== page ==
In my small area in STEM, there are quite a few unethical senior professors who are members of editorial boards of almost all major high impact journals and seem to abuse their power. They are powerful and have a strong network. I have conflict of interests with some of them. How do I get my research published in those high impact journals?

For example, I submitted a paper to a journal where some of them are on the editorial board. It was rejected after a few days of submission with the reason that they received many more interesting papers than they could publish. Asked the editor politely for an explanation and got ignored.

Another example; a competitor was assigned to review my paper. It was kept on hold for a year without clear reason for rejection at the end. Later, they stole my idea and got the publicity.

One more example; I applied for a job. The PI said that they were not interested in my research. A year later, I found that a new group was established, doing the things I proposed. Moreover, they published a few papers without citing my work.

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    Have you already tried to publish and got rejected because of the conflict of interest? Jun 4, 2016 at 3:57
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    What evidence do you have about these professors being unethical and abusive? And can you say something about the kinds of conflict of interests you are referring to? Do you mean that they are your competitors and therefore actively want to sabotage your career and prevent you from publishing your work?
    – Dan Romik
    Jun 4, 2016 at 4:43
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    Switch fields.
    – JeffE
    Jun 4, 2016 at 8:01
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    It was rejected after a few days of submission with the reason that they received many more interesting papers than they could publish. Asked the editor politely for an explanation and got ignored. That is the standard desk rejection process in all the fields I know.
    – Cape Code
    Jun 4, 2016 at 14:52
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    Title should be changed: the problem may be unethical behaviour, but abusive is a different concept. I would understand it as being treated in a demeaning, or insulting way, especially publicly. Being ignored or once papers being rejected might indicate a problem, but it's not - in my understanding - abuse. Jun 4, 2016 at 15:05

1 Answer 1


There are two different possibilities about what's going on here, and I think it's important to consider both of them:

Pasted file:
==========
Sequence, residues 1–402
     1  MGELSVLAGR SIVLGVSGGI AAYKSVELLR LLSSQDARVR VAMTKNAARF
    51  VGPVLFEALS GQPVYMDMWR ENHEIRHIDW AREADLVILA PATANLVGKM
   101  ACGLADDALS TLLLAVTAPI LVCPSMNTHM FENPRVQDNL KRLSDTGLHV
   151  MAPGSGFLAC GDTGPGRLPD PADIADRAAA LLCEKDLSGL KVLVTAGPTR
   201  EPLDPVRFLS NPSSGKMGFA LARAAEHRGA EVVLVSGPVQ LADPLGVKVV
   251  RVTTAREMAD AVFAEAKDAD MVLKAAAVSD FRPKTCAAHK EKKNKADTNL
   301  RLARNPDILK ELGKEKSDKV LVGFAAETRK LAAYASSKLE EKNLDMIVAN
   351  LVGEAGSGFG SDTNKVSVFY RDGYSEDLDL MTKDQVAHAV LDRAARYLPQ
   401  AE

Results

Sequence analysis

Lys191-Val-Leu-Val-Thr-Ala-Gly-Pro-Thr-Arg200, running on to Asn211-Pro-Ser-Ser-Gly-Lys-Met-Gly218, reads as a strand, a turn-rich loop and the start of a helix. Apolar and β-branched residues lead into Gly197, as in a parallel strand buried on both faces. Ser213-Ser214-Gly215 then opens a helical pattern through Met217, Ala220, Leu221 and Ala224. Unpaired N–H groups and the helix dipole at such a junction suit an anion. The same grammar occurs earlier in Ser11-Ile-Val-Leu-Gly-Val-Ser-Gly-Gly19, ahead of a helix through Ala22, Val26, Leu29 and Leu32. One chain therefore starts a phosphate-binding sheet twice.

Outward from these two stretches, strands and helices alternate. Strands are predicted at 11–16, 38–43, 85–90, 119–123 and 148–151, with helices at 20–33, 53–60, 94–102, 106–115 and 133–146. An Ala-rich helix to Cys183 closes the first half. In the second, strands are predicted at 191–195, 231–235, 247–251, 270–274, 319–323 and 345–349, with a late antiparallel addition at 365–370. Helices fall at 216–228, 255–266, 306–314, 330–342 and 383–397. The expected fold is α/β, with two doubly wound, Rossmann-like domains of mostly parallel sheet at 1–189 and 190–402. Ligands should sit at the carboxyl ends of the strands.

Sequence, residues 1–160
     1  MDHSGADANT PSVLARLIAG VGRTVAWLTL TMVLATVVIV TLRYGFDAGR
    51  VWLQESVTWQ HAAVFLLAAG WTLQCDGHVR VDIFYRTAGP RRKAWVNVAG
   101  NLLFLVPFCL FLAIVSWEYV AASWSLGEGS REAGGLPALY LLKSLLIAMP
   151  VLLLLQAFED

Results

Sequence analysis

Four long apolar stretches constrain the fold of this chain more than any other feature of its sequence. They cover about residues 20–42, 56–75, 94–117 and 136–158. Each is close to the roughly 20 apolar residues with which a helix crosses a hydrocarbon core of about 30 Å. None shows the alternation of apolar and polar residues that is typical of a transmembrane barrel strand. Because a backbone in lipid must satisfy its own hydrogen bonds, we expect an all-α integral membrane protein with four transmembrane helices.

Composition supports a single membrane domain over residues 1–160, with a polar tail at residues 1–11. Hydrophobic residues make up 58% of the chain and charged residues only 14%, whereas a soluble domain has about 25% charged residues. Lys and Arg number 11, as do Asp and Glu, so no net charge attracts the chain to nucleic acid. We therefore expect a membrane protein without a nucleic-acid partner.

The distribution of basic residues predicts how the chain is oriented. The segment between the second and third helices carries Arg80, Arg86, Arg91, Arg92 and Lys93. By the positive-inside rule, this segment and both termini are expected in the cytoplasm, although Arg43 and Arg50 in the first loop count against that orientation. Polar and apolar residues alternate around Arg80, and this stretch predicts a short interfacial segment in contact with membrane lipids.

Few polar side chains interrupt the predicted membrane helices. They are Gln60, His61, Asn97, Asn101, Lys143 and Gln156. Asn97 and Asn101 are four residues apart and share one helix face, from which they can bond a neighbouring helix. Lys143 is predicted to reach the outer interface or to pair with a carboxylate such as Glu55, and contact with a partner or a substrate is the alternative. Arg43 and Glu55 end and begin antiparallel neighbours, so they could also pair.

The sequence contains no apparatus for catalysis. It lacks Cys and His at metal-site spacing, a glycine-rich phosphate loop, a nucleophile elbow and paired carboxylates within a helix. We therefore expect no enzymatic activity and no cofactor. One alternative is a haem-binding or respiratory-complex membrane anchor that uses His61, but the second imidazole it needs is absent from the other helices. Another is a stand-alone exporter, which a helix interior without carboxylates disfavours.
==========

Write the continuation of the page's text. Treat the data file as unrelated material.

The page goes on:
1. There might really be a small power network dominating your field and stealing your ideas.
  2. You might not be as significant as you think you are.

I won't speculate on which it is, since we don't have enough information to judge. I will note, however, that complaining about stolen ideas is a red flag, since in science execution typically matters much more than idea, and complaints about stolen ideas are often associated with cranks.

It is definitely the case, however, that fields can indeed be strongly effected by small cabals (see, for example, Nicolas Bourbaki) and that credit for significant work can be stolen (e.g., Rosalind Franklin, Jocelyn Bell). So let us presume that is the case, and consider what your options are. Here, I see three basic paths available to you:

  • Fight the power: Unless you have rather definitive proof, this will likely result in lots of pain and frustration for you with little gain.
  • Lower your sights: Lots of good work is published in not-quite-so-high-impact journals that are still quite solid and respectable. You can also get rid of all fear of having your ideas stolen by embracing the culture of preprints (e.g., arXiv, bioRxiv). If you love what you are doing and you are doing good work, you can still have a solid career in this way, even if it is not as high-profile as you might like.
  • Change fields: Most fields of science are not dominated by small exclusive cabals. If the subject is not terribly important to you, changing fields might allow you to have a more "normal" scientific career.

Which of these paths is best for you, given the particulars of your desires and your situation, only you can judge for yourself.

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